Established in 2001, the Shanghai Cooperation Organization (SCO) has evolved into a significant regional organization in Eurasia, attracting increasing attention from both member states and observers worldwide. This backgrounder seeks to offer an in-depth understanding of the SCO’s history, its strategic motives, and the trends that have emerged over time, while also examining its role and relevance in contemporary geopolitics.
Brief History of the Shanghai Cooperation Organization
The SCO was founded by China, Russia, Kazakhstan, Kyrgyzstan, Tajikistan, and Uzbekistan in June 2001. The organization initially emerged from the Shanghai Five, which was formed in 1996 with the aim of demilitarizing the common borders of its members following the disintegration of the Soviet Union. Over time, the organization has grown, incorporating India, Pakistan, and Iran as full members, in addition to multiple observer and dialogue partners like Afghanistan, Belarus, and Mongolia, among others.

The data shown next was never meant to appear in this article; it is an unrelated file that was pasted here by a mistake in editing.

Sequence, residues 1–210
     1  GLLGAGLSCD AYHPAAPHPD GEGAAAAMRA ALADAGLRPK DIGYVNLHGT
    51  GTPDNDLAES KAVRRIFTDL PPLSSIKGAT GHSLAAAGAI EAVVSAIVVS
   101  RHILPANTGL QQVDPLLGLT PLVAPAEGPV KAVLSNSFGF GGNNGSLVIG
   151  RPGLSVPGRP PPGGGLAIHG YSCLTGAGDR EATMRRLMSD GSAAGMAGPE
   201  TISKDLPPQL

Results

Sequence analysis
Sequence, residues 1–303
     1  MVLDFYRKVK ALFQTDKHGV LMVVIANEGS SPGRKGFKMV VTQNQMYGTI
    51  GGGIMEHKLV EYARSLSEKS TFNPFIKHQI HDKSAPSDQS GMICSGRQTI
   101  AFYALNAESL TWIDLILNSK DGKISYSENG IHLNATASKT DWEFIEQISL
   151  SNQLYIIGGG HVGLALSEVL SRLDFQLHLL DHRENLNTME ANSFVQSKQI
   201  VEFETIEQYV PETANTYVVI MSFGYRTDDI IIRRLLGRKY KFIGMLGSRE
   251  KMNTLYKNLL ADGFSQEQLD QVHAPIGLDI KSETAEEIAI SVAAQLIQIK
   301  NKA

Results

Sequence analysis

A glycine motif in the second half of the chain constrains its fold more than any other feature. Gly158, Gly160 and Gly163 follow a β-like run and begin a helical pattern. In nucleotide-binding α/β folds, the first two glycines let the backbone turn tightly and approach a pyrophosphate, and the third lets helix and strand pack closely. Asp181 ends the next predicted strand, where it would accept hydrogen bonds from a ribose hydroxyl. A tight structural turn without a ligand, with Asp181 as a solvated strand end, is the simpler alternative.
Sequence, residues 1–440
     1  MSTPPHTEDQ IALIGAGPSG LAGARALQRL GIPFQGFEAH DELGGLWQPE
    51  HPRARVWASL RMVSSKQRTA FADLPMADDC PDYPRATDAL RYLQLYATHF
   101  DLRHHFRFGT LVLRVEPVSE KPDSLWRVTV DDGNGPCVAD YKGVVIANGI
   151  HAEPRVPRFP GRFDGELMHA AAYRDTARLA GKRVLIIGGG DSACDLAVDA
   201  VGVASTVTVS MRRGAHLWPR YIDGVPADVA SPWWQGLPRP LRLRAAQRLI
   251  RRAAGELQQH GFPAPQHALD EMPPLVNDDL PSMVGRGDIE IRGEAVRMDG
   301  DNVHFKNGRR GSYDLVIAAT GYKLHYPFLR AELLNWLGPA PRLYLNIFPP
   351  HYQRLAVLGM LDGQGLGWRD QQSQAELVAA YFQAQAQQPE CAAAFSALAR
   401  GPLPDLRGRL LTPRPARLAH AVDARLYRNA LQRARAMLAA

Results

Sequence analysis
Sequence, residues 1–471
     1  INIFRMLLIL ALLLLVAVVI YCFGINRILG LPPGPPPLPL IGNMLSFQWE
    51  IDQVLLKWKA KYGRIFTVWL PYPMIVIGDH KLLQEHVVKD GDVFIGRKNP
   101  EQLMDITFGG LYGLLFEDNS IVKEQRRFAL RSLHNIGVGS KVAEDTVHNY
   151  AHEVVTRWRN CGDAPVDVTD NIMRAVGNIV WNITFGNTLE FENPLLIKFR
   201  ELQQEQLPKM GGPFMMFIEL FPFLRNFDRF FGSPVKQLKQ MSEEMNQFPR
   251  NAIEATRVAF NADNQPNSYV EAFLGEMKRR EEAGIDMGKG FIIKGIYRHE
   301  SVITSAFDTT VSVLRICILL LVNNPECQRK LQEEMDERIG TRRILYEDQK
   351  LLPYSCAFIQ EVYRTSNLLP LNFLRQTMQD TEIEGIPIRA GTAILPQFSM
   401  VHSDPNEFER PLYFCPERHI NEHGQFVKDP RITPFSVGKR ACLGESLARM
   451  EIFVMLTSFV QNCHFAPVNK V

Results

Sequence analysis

A key driving force of the SCO’s growth has been in response to the enlargement of Western institutions like NATO and the EU. The increasing great power competition between the West and countries like China and Russia has driven these nations to establish and enlarge regional platforms like the SCO without requiring a common doctrine that impedes sovereignty.